Morgan Plus E electric car: boxing clever?

Five-speed manual roadster could be available in road and hill climb specs

By Will Dron on July 23, 2012 3:59 PM

More than a century old, the Morgan Motor Company is a small operation that survives today arguably through not trying to over-stretch itself.
Production numbers at its Malvern factory are low: between 2008 and March 2011, start-up (and up-start) Tesla Motors had sold nearly 1,700 Roadster supercars; approximately twice Morgan’s total vehicle production in the same period.

Morgan is also a firm with a reputation for traditional values; its hand-built vehicles currently available to buy include the quite mad but incredibly fun 3 Wheeler, which harks back to its original three-wheeled road cars of the early 20th century. The signature 4-4, meanwhile, has hardly changed in its styling since the first one rolled off the production line in 1936.

So what, we wondered, is the pure-electric Plus E all about? It looks like a Plus 8, the 4-4’s big brother, which marries a BMW-supplied 4.8-litre V8 to a lightweight aluminium chassis – but its electric powertrain reminds us that Morgan isn’t afraid to look forward, as well as back.

“Actually, we started the electric car project in 2009 with the LIFEcar (Lightweight Fuel Efficient Car), which was a hydrogen fuel cell project,” Morgan’s Business Process Development Engineer Robert Gibson reminds us. “But that was a showcase of technology that was never meant to go into production. The whole point was to show what Morgan could do as part of a collaborative project; it was just there for the sake of being there, really. Plus E will be production-intent.”

At present, Morgan is still demonstrating the 2012 Geneva Motor Show car – stage 2 in the car’s evolution, Gibson tells us. Part-funded by the UK Government’s Niche Vehicle Network programme, this doesn’t just look like a Plus 8, it uses many of the same underpinnings including the aluminium body and chassis, suspension and axle. It also keeps the traditional Morgan wooden body frame.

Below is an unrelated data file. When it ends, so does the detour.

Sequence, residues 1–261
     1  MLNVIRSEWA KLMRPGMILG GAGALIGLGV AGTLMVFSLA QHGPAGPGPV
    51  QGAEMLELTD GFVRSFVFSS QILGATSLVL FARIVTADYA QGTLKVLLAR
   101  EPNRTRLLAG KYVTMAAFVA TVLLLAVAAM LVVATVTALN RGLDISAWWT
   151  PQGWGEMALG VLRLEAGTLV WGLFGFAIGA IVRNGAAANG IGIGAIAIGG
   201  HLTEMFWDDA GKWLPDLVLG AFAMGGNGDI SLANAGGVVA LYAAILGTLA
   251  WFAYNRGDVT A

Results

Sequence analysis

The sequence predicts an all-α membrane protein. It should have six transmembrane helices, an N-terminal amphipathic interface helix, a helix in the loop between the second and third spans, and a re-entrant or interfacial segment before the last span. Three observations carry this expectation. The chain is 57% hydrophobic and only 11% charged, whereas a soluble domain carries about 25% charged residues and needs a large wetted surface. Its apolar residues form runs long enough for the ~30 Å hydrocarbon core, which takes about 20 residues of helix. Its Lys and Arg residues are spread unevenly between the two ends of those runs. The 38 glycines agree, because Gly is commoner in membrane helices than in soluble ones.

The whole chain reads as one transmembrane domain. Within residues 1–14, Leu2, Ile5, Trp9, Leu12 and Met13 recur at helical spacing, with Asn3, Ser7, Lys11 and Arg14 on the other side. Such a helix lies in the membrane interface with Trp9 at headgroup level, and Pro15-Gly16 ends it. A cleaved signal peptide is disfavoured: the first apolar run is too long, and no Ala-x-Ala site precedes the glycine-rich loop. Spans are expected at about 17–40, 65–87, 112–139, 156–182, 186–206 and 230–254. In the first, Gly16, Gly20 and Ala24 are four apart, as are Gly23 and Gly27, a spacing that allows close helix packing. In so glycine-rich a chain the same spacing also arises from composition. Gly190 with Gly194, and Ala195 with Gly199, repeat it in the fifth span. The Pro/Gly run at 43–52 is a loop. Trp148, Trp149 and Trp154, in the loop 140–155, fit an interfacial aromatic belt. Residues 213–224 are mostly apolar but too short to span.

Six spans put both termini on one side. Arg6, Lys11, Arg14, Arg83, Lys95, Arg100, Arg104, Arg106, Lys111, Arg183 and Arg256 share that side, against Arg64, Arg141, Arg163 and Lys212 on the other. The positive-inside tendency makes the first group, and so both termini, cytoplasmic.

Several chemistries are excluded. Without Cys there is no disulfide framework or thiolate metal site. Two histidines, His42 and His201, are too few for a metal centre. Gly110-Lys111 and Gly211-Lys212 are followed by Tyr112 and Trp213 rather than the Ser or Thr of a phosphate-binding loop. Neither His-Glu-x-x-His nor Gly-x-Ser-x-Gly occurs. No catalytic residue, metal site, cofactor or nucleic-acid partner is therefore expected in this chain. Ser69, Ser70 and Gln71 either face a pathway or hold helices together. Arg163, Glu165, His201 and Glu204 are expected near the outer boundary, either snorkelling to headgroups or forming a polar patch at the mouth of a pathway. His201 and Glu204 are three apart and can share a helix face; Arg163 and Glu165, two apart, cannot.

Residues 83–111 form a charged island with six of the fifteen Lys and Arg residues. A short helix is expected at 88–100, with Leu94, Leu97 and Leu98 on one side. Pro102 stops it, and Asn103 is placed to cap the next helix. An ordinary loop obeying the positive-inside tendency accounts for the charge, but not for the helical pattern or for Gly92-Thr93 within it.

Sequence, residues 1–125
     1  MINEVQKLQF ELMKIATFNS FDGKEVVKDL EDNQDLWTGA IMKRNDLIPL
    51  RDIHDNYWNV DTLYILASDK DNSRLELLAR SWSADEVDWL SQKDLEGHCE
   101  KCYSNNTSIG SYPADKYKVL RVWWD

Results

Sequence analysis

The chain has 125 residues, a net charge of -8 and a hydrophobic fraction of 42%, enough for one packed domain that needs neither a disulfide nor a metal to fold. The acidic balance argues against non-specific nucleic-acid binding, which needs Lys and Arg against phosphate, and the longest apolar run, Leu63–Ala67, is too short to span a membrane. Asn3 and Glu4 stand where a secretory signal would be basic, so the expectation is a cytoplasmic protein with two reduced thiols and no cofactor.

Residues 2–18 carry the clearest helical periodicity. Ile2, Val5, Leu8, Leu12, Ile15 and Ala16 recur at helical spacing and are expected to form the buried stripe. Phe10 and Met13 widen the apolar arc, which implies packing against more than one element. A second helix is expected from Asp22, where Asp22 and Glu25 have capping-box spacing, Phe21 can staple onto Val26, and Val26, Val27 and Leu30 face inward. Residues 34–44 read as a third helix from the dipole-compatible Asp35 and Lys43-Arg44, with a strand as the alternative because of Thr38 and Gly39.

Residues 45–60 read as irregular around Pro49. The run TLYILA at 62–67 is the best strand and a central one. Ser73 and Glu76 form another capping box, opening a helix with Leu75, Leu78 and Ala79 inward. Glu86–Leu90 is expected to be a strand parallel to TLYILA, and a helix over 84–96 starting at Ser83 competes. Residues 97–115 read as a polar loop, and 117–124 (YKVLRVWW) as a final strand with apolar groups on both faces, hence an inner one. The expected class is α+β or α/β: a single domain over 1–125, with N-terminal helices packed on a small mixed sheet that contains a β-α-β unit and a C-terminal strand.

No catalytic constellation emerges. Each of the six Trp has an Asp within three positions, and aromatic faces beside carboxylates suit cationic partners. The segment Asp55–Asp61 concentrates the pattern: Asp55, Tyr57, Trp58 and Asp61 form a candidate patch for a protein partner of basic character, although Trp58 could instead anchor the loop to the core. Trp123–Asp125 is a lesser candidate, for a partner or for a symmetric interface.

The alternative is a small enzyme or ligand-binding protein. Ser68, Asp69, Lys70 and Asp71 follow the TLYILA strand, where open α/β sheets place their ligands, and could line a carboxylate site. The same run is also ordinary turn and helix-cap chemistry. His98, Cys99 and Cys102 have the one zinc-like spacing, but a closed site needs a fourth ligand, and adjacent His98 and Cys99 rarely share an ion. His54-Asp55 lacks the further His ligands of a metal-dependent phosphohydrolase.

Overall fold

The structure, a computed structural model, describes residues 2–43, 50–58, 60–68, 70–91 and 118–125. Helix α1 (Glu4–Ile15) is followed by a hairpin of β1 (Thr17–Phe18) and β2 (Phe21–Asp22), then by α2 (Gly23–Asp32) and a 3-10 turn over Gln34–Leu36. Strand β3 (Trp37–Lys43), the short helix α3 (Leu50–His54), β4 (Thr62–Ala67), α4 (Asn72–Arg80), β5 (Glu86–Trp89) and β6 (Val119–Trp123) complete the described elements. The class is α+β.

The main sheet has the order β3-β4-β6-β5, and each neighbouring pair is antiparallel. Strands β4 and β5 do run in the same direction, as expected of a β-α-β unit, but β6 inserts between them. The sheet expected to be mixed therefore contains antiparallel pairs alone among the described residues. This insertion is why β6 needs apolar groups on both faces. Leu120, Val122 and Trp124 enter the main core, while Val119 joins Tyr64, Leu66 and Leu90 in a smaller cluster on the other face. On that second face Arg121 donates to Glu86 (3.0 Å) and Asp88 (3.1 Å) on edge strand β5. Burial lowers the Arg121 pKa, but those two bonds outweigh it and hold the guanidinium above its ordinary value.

However, the Zytek-manufactured drivetrain incorporates a 70kW (95hp) electric motor (ex-Modec) producing 300Nm of torque – that’s 20Nm more than the 2.7-litre flat six drivetrain found in the Porsche Boxster. The production Plus E will use a new motor, also from Zytek, which Gibson indicates will offer a 30 per cent further improvement in both power and torque. Removing the BMW-engined drivetrain means a dry weight saving of 400kg, plus 100kg of fluids, meaning the Morgan Plus E weighs the same as a Plus 8 (1,100kg) yet still holds enough lithium ion phosphate batteries for around 80-90 miles of driving range.

The main talking point for the Morgan Plus E, however, is its five-speed manual gearbox. Those familiar with electric vehicles know that their phenomenal torque, and the ability to spin the motor at high revs, mean that gearing isn’t strictly necessary. Drive most electric cars available today, which have one button to go forwards and one to reverse, and suddenly even a simple automatic shift starts to look overly complex.

“It’s about driver involvement,” says Gibson. “We wanted to take a step back from it and ask ‘what’s wrong with just using a normal manual gearbox?’. We have looked at using a sequential gearbox, but the problem is that you don’t get the correct driving characteristics that would suit a road car.”

The Plus E’s transmission is exactly the same as a five-speed manual found in a petrol or diesel; the motor is connected to a flywheel then the gearbox via a clutch, and you need to press the clutch pedal to change gear.

“When the motor’s spinning you need to be able to separate the drive from the gearbox,” explains Gibson. “The motor has quite high inertia so once you back off, it continues to spin for quite some time. I’ve driven the first car and it’s kind of strange, but also really intuitive at the same time, so it’s quite good fun.”

Quite good fun is probably an understatement. The huge torque, combined with low gearing and a lack of any kind of electronic traction control, mean it can be quite a handful – something to which anyone who caught the Plus E show car getting sideways off the start line at the 2012 Goodwood Festival of Speed hill climb can attest.

Morgan has a long history in hill climbing, a type of motorsport involving timed sprints over a fixed distance up – no prizes for guessing – a hill. Gearing is of huge importance for such events, and a hill climb special is a likely addition to the Plus E variants.

“The company that supplies the batteries have done a few trials of their own hill climb version,” reveals Gibson. “It’s got an 80-mile range; they did a weekend of hill climbing and only used 20 per cent of the battery, so they were carrying around a lot of excess weight. So the potential is we could have an extremely lightweight version for motorsport.”

For those wanting the road version but worried about facing the wrong way every time they put their foot down, Gibson tells us the Plus E can be driven perfectly comfortably when locked in third gear. Probably just as well.

The Morgan Plus E is set for customer deliveries in 2015 and is targeted to cost no more than a 10 per cent premium over the Plus 8, which puts it at approximately £90,000.